What Ethical Framework Should We Use?
There are many ethical lenses that we could apply to the task at hand, but it is important to analyze which system would be of most relevance to this particular subject. In an effort to do this we will look at three different ethical frameworks in order to garner and apply the most useful. These frameworks are virtue ethics, Kantian ethics, and Utilitarianism.
Virtue ethics has a long and storied history that, in the West, can be traced back to Aristotle. It is strongly based in cultivating strong character, rather than following rules or considering the outcomes of one’s actions. Virtue ethics has three important concepts: arête, phronesis, and eudaimonia. The first of these is translated as virtue, the second practical or moral wisdom, and the third human flourishing.
This system concentrates on ingraining in oneself important attitudes and actions. To do this one must be constantly using these character traits in a way which creates a disposition to act with these character traits in mind in future interactions. Now, this habit is not a habit like smoking is a habit. It reaches deeper than that. Through cultivating virtue a person fulfills his purpose and comes to a state of flourishing. This moral flourishing is informed and representative of the positive moral character traits that the individual had been practicing. This is contrasted with the habit of smoking because there is no underlying character trait that the person has cultivated in order to be better. So, by cultivating virtue in oneself, an individual is achieving their self-actualization (to borrow a term from Abraham Maslow).
An important issue then arises when we look at psychopharmaceutical enhancement through this lens. If we can use pharmaceuticals to change our emotional and moral self, for instance by the application of Prozac, then how does virtue ethics still apply?
Aristotle writes in book II of his Nichomachean Ethics that, “The virtues then come to be in us neither by nature, nor despite nature, but we are furnished by nature with a capacity of receiving them, and are perfected in them through custom.” (26) This rules out the domain of psychopharmaceutical enhancement for several reasons. Firstly, though Aristotle does not insist that our virtue comes from our nature, he does say that we are furnished with an ability to receive them. While in a certain sense we are naturally inclined to receive benefit from psychopharmaceutical aid, it is by subsuming our nature that this is the case. For example, while our bodies do have the capacity to absorb an amphetamine and, in accordance with its pharmacology, markedly increase our cognitive abilities, this is a subversion of a natural bodily process and not an inherent capability of these processes themselves. To further clarify the point, Aristotle says that:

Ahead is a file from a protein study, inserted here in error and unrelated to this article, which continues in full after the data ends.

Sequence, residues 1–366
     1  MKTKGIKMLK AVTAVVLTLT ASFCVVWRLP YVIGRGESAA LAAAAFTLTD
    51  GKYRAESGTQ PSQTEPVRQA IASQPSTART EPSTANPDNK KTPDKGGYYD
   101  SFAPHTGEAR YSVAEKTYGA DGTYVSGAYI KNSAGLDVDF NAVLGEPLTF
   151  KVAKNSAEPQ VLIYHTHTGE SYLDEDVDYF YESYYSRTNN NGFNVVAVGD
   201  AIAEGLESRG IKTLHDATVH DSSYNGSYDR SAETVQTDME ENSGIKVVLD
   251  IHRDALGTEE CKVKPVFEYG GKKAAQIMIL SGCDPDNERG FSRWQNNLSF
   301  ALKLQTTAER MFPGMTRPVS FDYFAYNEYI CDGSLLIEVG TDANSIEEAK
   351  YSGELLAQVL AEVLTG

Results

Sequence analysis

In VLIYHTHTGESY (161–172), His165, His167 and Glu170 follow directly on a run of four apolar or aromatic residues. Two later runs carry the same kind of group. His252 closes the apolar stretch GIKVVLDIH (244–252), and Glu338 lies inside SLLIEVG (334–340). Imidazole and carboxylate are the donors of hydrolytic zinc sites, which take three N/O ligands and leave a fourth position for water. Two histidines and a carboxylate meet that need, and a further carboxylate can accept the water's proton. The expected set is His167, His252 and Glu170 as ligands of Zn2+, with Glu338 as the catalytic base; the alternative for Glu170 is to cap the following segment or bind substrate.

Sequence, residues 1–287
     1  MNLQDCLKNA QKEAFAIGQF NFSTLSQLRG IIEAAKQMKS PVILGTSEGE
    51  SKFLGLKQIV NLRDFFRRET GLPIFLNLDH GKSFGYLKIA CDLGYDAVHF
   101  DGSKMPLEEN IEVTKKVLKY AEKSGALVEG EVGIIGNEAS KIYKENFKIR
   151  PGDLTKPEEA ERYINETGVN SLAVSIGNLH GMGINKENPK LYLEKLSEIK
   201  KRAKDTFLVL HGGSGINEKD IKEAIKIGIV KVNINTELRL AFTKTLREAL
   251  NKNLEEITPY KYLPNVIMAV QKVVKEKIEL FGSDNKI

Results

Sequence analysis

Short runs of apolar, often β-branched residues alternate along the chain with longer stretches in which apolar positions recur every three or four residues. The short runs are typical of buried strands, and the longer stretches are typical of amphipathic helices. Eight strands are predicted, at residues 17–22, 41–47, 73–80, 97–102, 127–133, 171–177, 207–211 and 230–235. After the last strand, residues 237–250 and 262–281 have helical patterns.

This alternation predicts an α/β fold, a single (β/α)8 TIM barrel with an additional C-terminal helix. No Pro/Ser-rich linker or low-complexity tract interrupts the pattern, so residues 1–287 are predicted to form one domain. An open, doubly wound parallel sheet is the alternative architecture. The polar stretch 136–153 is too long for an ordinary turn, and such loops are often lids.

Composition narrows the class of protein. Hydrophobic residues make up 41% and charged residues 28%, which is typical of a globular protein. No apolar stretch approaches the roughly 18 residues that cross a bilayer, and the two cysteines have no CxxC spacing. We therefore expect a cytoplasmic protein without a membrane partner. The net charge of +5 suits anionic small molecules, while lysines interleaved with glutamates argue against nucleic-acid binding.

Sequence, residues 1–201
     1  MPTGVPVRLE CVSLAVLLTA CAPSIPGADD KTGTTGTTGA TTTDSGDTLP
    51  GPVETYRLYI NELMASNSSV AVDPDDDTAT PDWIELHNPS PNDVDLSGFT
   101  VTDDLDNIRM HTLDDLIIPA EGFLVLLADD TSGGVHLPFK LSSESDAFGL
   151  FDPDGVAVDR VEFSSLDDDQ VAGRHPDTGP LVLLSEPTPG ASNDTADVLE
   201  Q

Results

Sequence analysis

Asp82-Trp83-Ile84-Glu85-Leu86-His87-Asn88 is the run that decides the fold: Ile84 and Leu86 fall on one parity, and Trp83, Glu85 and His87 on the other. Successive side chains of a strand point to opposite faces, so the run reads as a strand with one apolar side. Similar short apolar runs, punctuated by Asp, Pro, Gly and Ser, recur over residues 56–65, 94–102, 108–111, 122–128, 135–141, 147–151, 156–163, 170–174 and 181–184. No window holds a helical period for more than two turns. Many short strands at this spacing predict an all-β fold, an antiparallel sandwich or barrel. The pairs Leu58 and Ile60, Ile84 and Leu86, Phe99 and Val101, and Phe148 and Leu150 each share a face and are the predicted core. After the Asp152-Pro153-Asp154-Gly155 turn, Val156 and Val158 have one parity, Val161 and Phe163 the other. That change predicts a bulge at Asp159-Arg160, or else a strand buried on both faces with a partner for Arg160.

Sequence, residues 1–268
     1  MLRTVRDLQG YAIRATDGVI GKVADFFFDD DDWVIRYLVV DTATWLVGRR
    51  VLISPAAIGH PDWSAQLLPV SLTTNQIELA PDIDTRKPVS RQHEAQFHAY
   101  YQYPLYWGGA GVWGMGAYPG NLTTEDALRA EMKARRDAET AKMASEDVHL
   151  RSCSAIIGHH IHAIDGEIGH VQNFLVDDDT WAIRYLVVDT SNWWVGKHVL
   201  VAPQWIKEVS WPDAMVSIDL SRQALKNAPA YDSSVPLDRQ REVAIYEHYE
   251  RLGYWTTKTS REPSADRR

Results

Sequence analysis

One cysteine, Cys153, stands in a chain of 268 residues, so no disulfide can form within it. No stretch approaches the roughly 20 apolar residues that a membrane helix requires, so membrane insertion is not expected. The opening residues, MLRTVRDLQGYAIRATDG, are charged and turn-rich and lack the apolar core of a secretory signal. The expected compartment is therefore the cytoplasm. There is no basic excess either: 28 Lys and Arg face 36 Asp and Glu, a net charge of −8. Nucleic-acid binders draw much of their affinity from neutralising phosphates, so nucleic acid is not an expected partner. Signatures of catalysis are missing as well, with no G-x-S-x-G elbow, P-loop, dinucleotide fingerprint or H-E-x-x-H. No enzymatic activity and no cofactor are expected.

"the Virtues we get by first performing single acts of working, which, again, is the case of other things, as the arts for instance; for what we have to make when we have learned how, these we learn how to make by making: men come to be builders, for instance, by building; harp-players, by playing on the harp: exactly so, by doing just actions we come to be just; by doing the actions of self-mastery we come to be perfected in self-mastery”(27)
It is in this sense that psychopharmaceuticals do not follow the schema of virtue ethics, because there is no underlying virtuous character trait that informs the taking of a pill.
When we use a pharmaceutical aid we are not in fact enhancing our ability through the action which we wish to perfect. A pharmacological compound enhances us through its mechanism. While, yes, it is an action to ingest a pill, it is not ingesting pills that we hope to get better at. For this reason we can see that virtue ethics, though a relevant field for certain moral questions, does not inform us on how to engage with methods that bypass practice and provide a cognitive benefit.
The Kantian ethic is founded on a single unifying principle in his Foundations of the Metaphysics of Morals, that of the categorical imperative. As Kant describes it, “It is: Act only according to that maxim by which you can at the same time will that it should become a universal law”(44). This, at first look, gives us a very solid basis for our current inquiry. If we are to take the categorical imperative as a basis for pharmaceutical enhancement we need only appeal to what we would will to be a universal law. In this case, we can see that if one wills it to be a universal law that enhancement is permissible, then it is only logical that we should all be permitted to do so. Contrarily, if we will that the universal law dictates that we cannot use enhancement then we should all abstain.
Clearly there is a problem here, because it seems that either choice would be arbitrary due to the fact that it has no grounding in empiricism. While some have made the point that Kantian a priori ethics does not have practical value (as I appeared to just do), this is not the case. We must remember that the categorical imperative itself does not imply a maxim it only provides the framework by which we should go about judging the mechanism. As Paul Dietrichson puts it, “Issuing as it does from pure reason, the moral law is therefore by necessity a merely formal paradigm, an abstract norm, completely indeterminate in so far as a reference to the empirical dimension of reality is concerned. Our maxims, on the other hand, which need to be tested in some way or other by this prescriptive law, are material principles, concrete principles, namely empirically determinate (and subjective) rules of voluntary action”(166).